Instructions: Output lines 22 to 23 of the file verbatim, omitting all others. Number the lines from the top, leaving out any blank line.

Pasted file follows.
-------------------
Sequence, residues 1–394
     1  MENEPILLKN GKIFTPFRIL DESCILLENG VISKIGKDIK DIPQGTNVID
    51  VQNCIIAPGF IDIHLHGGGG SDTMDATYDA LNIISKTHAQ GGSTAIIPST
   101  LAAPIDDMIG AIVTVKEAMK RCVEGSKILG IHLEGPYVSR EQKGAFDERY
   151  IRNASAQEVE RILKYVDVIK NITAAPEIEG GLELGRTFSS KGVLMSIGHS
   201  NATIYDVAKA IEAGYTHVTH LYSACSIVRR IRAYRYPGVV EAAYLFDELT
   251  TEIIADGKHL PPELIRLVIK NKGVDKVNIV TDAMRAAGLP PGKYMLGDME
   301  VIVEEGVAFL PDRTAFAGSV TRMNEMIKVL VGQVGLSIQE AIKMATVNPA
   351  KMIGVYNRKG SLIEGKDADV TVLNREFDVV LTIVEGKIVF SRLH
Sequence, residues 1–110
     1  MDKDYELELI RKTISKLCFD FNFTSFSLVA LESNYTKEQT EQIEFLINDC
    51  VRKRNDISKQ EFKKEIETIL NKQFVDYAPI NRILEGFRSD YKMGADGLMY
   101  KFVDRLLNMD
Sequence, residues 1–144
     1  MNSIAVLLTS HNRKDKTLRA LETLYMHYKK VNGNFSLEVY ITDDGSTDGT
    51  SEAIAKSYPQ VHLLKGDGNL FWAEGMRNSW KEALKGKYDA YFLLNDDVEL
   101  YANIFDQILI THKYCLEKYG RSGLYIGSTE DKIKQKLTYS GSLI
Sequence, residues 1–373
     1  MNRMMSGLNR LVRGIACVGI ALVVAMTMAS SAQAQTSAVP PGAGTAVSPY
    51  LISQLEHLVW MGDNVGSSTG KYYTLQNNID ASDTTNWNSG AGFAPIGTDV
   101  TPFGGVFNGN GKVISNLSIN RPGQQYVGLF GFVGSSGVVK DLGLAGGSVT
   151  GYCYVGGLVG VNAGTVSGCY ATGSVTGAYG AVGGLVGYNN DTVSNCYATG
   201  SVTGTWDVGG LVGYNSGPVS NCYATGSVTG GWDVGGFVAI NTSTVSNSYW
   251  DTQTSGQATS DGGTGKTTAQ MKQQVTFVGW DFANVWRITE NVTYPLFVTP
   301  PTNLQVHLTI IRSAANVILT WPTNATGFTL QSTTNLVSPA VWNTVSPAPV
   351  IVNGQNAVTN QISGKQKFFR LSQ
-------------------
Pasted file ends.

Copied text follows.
   151  GYCYVGGLVG VNAGTVSGCY ATGSVTGAYG AVGGLVGYNN DTVSNCYATG
   201  SVTGTWDVGG LVGYNSGPVS NCYATGSVTG GWDVGGFVAI NTSTVSNSYW